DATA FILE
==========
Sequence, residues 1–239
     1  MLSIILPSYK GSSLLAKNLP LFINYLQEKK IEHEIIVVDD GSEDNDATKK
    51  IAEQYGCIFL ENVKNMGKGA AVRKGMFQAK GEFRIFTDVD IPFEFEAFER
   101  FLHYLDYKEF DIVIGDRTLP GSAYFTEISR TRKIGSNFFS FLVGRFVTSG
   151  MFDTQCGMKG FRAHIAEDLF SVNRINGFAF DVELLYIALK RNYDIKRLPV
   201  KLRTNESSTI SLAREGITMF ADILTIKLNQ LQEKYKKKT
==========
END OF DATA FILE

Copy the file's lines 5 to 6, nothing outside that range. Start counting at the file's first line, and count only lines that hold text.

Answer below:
   151  MFDTQCGMKG FRAHIAEDLF SVNRINGFAF DVELLYIALK RNYDIKRLPV
   201  KLRTNESSTI SLAREGITMF ADILTIKLNQ LQEKYKKKT